His main defence of the plausibility of expressivism is found later in the chapter, which, if I have it right, is as follows. In ordinary discourse, the individuation of the 'inner' and the action are mutually dependent, such that we cannot properly understand, say, an intention to f without a grasp of successfully f-ing, and, in the manner of disjunctivism, we can't think that successful f-ing is simply a matter of trying to f plus success -- that there are two distinct things, the trying and the event -- suggesting, rather, some constitutive relation between success and will. He claims that expressivism better fits our 'informal' practice than any Davidsonian picture which will instead have to refer to primitive actions and bodily movements rather than rich descriptions like waving goodbye. Now, I have severe reservations about this strategy, but since Ridley does so little to defend it and is explicit in his denial that it amounts to anything like a case against empiricism, it seems churlish to contend against it. But much of it smacks of the long-discredited 'logical connection argument', which conflated the interdependence of descriptions of mental events and actions with the thought that mental states and actions cannot be causal. In any case, the 'empiricist' picture equally seems at home in ordinary language. Teddy opened the fridge because he believed that chocolate is in there and he loves chocolate. We attribute to him states which both rationalize his action and causally explain what he does. Of course, this is when philosophical theorizing begins, rather than finishes, but the point is that the 'informal' account seems also to sit well with a causal account of action. We talk of beliefs, wants, intentions, and of becauses that seem causal.
It strikes me, however, that Ridley's interest in expressivism lies in agency rather than the causal theory of action. Recall that the initial statement of expressivism is that 'the content of our will becomes fully determinate only in the states of affairs it realizes', which is given an epistemic gloss in
- that in willing an agent discovers something in or about himself (what he is, perhaps; or what he really willed)
Ridley's discussion of this claim starts by trying to dispel some of the claim's initial bizarreness. Consider the prosaic activity of making some coffee. In making coffee there is no interesting sense in which I discover something about myself, even when I have to do some relatively unforeseeable things, like having to fix the fuse on the plug. Ridley considers such actions 'basic', not in the standard philosophy of action sense, but as ones where the end of such actions -- the success-conditions -- 'can be non-trivially specified independently and in advance of any particular attempt to meet them' (p.38). He seems prepared to give those to the causal theory (p.39), reserving expressivism for what he calls 'essentially non-basic' actions, i.e., those whose success-conditions cannot be non-trivially specified in advance of the deed itself (p.40). What counts as trivial rather than non-trivial is not specified, but leaving that aside, this concession implies that the focus of expressivism is the notion of agency rather than action, though Ridley seems to conflate the two. There are actions, different in kind from 'basic' ones, which are expressions of us qua agent, which, because of some constitutive relation between action and agent, are non-causal. But, as we shall see, the examples of non-basic actions that guide subsequent discussion are so broad in their specification -- primarily the creation of art works -- that it is really difficult to get any purchase on whether there is any substantive expressivism at work. Let us first, however, turn to what Ridley takes to offer a general support for expressivism in Nietzsche.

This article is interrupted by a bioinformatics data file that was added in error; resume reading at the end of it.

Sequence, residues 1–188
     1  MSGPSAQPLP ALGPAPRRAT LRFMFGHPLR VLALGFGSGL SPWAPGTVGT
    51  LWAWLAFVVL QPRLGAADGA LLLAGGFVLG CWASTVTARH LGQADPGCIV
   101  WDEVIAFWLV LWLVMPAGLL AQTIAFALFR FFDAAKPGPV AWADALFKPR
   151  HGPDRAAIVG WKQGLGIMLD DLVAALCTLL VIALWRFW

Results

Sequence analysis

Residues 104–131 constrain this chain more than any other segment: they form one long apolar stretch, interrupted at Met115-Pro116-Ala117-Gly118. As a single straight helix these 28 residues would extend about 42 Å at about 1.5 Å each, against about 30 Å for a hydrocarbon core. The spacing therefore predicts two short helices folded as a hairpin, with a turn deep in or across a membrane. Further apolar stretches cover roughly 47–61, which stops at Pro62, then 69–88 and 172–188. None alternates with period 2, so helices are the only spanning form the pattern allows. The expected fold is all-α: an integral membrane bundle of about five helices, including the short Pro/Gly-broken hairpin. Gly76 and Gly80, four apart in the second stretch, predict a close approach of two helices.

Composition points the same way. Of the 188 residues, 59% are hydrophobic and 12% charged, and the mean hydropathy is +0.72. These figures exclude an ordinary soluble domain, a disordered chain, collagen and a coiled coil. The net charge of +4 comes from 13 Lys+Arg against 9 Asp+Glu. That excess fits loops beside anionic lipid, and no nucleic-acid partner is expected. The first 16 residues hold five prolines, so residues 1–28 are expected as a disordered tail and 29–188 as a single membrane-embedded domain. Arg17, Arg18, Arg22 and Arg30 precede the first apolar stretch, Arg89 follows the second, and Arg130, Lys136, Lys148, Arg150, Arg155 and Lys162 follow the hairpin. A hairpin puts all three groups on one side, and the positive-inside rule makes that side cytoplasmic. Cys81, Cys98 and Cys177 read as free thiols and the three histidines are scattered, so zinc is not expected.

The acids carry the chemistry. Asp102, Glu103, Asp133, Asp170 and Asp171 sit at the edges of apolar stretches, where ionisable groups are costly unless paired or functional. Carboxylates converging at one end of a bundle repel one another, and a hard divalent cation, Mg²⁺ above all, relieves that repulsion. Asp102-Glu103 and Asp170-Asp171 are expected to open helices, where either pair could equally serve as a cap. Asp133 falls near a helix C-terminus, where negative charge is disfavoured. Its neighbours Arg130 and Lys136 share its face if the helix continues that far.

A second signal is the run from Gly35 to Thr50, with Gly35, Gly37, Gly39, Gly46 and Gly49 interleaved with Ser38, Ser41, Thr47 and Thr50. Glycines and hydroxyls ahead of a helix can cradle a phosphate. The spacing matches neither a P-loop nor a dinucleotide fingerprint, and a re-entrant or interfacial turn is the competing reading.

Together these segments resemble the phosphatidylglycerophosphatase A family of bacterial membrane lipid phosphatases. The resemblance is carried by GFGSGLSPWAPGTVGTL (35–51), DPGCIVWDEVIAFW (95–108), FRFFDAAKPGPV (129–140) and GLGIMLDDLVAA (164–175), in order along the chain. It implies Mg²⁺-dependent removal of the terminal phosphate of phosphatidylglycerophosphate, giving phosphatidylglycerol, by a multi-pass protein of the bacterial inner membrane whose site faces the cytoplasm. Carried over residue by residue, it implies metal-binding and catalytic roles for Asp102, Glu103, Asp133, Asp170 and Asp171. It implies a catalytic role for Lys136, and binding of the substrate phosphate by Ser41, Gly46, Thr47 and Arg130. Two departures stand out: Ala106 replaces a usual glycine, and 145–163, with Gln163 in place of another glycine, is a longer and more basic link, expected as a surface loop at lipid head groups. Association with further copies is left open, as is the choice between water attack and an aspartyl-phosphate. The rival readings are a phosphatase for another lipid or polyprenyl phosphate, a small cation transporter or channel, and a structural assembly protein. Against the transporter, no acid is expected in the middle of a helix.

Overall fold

Ridley's first foray into Nietzsche's texts begins by trying to rebut sceptical readings of Nietzsche's account of the will as causally efficacious, before turning to the text that presents his best case for expressivism about agency, and from which the title of his book is taken. I quote in full:
just as the popular mind separates the lightening from the flash and takes the latter for an action, for the operation of a subject called lightening, so popular morality also separates strength from expression of strength, as if there were a neutral substratum behind the strong man, which was free to express strength or not to do so. But there is no such substratum; there is no 'being' behind doing, effecting, becoming; the 'doer' is merely a fiction added to the deed -- the deed is everything (Genealogy of Morality I: 13) (quoted p.76 in Ridley)